Achievement, identity, freedom: stories for a young audience

The festival will screen almost 20 premiere titles and two short film programs, in a scheme that is a referential event in Europe
After the success of several of the films included in this year programme at festivals such as Sundance, Berlin and Locarno, Cinephiles of the Future reveals itself as a section that welcomes the most eager and approaching cinema to new audiences


Nearly 20 premieres, short film programmes, cinema for babies, workshops and meetings with directors make up the sections aimed at young audiences at the 16th Seville Festival. An offer that is a benchmark in Europe and which has been released this Wednesday. This year's edition, will be held from the 8th to the 16th of November, with films that sweep away prefabricated cinema for children and teenagers. It does so, however, by focusing directly on the concerns and interests of young people.

The San Isidoro high school hosted the presentation of the Junior Europe and Cinephiles of thr Future sections, for educational centres, and the Family Cinema cycle, for all audiences, including babies and toddlers. A line-up of films in which viewers will relate to issues such as parental conflicts, the search for identity or freedom and the transition to maturity. The idea is to bring cinema closer to young people through stories that connect with their problems, doubts and desires. María Luisa Gómez Castaño, Education delegate of the Seville City Council; Javier Rivera, coordinator of the Andalusian Agency for Cultural Institutions; Manuel Martín González, head of the Educational Plans and Programmes Service of the Department of Education and Sport; José Luis Cienfuegos, Festival director; and Javier H. Estrada, head of Programming, participated in the launching.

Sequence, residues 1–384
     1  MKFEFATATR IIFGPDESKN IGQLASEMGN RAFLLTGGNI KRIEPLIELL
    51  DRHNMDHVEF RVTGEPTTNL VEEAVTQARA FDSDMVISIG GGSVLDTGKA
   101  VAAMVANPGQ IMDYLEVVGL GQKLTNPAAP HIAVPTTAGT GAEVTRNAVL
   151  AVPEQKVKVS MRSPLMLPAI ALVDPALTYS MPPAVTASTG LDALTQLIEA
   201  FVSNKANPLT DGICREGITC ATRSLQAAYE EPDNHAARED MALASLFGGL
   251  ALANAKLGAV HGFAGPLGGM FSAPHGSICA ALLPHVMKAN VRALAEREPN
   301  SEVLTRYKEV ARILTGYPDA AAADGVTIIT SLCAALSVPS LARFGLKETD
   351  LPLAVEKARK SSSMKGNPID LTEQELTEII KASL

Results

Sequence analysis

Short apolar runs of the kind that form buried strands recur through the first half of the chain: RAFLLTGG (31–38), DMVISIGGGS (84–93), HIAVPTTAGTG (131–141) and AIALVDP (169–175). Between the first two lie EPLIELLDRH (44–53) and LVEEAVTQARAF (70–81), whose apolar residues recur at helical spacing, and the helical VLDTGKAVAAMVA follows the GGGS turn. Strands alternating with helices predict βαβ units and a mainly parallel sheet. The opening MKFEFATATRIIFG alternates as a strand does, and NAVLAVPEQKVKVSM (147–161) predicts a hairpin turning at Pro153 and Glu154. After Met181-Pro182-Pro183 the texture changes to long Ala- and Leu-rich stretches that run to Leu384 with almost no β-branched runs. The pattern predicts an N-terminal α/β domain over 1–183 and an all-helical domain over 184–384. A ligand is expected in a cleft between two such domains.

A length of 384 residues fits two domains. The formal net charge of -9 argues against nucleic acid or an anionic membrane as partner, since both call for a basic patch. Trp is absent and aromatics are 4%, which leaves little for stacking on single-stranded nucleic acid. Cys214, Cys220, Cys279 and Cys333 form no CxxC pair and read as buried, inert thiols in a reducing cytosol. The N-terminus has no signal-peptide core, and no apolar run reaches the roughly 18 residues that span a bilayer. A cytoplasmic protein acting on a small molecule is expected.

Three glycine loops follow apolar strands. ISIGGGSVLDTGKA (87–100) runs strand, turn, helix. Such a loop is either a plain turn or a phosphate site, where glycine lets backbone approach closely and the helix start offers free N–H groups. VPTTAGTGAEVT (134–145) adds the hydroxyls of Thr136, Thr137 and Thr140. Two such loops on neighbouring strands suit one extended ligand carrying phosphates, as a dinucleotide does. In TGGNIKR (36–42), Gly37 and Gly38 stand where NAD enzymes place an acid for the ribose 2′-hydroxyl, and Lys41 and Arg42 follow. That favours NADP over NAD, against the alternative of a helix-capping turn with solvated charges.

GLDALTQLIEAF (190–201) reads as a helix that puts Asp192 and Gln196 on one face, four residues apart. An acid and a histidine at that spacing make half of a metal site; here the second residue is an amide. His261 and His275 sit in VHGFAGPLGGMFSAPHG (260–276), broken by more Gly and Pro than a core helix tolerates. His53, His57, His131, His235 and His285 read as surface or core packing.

Attendance record

For the local government, explained María Luisa Gómez Castaño, it is a challenge to attract new audiences to film culture. A goal that the Festival has assumed for years with a great outcome. "During the last edition, more than 28,000 students participated in these sections, figures that makes us leaders in film projections aimed at young people. In addition, the delegate said, the number of centres involved has tripled from 2012 to 2018: "We can brag about having one of the only festivals that dedicate the greatest efforts to young audiences. Cinema is a fundamental tool when it comes to education, as shown by the selection of the 16th edition, in which young people are both spectators and protagonists".